Students of Madhya Pradesh Natya Vidhayala displayed their theatrical artistry at a three-day festival in Bhopal recently
It was a sheer delight to watch students of Madhya Pradesh Natya Vidhyalaya performing plays belonging to different genres at Rabindra Bhawan, Bhopal, this past week. Having completed their one-year course in various aspects of theatrical art, their artistry on display in the four-day festival cast a spell on the audience. It was a matter of joy to see the tremendous response of the audience, illustrating the fact that in Bhopal there are true lovers of arts, thanks to the dedicated efforts of the likes of Habib Tanvir, B.V Karanth and Ashok Vajpeyi who were instrumental in preparing infrastructure and environment in the city where serious arts could be pursued and the aesthetic sensibility of art lovers could be enriched.
Apart from exuding youthful energy and enthusiasm with subtlety, these pass-out students numbering 25 truly lived their characters, establishing a deep emotional rapport with the audience.
One of the memorable productions of the festival was “Mati-Gaadi”, an adaptation by Hrishikesh Sulabh in Bhojpuri from Shudraka’s Sanskrit classic “Mrichchhakatika”, a political play immortalised for contemporary audience by Habib Tanvir, who produced it as “Mitti ki Gaadi”.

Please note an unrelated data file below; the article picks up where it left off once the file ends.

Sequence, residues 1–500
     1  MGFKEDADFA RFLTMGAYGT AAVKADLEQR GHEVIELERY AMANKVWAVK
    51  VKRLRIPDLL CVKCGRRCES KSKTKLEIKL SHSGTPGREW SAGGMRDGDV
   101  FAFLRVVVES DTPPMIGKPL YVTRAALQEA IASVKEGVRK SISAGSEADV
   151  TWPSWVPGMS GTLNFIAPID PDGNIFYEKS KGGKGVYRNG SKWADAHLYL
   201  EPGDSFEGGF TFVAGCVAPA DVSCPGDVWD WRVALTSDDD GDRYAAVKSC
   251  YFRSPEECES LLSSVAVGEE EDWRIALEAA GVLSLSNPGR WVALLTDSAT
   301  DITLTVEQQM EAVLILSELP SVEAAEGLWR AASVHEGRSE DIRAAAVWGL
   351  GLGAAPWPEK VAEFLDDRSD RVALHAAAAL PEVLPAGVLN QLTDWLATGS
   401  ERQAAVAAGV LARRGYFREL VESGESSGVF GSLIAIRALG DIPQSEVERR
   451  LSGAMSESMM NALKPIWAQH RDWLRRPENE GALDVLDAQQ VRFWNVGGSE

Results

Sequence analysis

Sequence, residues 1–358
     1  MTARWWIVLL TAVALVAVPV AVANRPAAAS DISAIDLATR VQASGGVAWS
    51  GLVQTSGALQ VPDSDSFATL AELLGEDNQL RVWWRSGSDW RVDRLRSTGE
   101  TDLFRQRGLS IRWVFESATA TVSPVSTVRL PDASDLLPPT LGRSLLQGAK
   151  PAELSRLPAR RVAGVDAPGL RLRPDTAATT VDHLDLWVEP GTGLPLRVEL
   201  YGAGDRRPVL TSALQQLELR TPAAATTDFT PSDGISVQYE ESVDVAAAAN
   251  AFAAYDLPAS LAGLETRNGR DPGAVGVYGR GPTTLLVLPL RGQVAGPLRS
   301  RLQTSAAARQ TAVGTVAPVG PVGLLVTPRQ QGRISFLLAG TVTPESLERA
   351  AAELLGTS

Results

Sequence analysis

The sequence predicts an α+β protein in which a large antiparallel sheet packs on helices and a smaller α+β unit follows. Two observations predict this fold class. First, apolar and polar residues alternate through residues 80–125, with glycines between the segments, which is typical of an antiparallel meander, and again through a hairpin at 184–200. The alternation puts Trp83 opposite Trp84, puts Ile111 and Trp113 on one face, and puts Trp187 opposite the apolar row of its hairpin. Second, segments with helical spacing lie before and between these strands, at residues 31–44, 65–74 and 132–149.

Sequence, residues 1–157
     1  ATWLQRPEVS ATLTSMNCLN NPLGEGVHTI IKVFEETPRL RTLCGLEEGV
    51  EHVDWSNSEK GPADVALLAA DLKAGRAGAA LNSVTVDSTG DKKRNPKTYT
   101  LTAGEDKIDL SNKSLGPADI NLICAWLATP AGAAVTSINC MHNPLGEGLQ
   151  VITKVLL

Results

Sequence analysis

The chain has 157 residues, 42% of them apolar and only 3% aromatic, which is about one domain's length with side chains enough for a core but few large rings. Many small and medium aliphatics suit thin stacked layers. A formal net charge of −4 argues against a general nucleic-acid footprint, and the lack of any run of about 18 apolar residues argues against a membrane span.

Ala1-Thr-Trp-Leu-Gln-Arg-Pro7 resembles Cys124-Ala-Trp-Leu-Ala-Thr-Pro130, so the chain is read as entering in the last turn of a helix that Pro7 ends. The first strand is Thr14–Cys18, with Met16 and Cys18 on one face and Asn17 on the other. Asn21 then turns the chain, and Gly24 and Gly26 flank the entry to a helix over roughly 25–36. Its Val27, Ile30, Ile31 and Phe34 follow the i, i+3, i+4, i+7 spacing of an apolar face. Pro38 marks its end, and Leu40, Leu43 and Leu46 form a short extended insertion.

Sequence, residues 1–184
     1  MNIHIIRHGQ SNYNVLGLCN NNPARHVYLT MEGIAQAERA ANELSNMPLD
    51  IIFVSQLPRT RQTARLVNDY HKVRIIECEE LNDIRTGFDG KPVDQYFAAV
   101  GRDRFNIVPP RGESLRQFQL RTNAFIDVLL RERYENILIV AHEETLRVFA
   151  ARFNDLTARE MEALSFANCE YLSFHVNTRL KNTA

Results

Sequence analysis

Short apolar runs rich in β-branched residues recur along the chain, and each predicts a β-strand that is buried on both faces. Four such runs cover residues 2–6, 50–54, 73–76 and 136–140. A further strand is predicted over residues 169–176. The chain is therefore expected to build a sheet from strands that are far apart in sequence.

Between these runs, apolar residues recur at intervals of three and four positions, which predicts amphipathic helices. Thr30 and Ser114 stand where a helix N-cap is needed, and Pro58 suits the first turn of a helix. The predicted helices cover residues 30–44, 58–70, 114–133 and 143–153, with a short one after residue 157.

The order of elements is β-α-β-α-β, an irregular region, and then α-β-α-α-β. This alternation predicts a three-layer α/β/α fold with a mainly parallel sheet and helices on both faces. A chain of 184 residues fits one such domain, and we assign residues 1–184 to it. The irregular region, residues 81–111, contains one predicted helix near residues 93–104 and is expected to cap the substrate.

Directed and designed by Sanjay Upadhyaya, who is also director of Madhya Pradesh Natya Vidhyalaya, the uniqueness of the production was in its musical format. The lyrics written by Hrishikesh Sulabh and the music score by the director himself based on rich folk tunes, carried forward the narrative and reinforced the socio-political content of the play. The music, dances and drama were all intricately woven into the narrative structure of the production.
The adapted version retained the structural compactness of the original as well as the romantic erotic elements. The core of the production was the necessity to overthrow an anti-people regime by force. However, Sanjay’s production tried to give it a feminist angle depicting the silent protest of Charudutta’s wife against the love-affair between Charudutta, a poor Brahmin, and Vasantasena, the highly articulate courtesan. Through the character of Shakar, the brother-in-law of the anti-people ruler, it showed that the foolish and parasite relatives of rulers distorted the system to serve their selfish interest and make a mockery of justice.
The play opened with a composition depicting the war preparations by the deposed ruler. The skilled lighting by Kamal Jain transformed the erotic scene between Charudutta and Vasantsena into intense poetic imagery. The choreography by Lata Munshi and Madhav Barik reinforced the magic of the scene.
Though the entire cast acted, sang and danced admirably but Raviranjan Kumar as Shakar deserved special mention for evoking laughter loud and long through his caricature. Smita Singh Parihar’s Vasantasena was elegant, intelligent and compassionate who loved poor Brahmin Charudutta from the bottom of her heart for his noble qualities. Gagan Shrivastava as Charudutta, Shrutika Jog as Nati and Kumar Saurabh as Maitray, the true friend of Charudutta who remained with him in his adversity, gave impressive performances.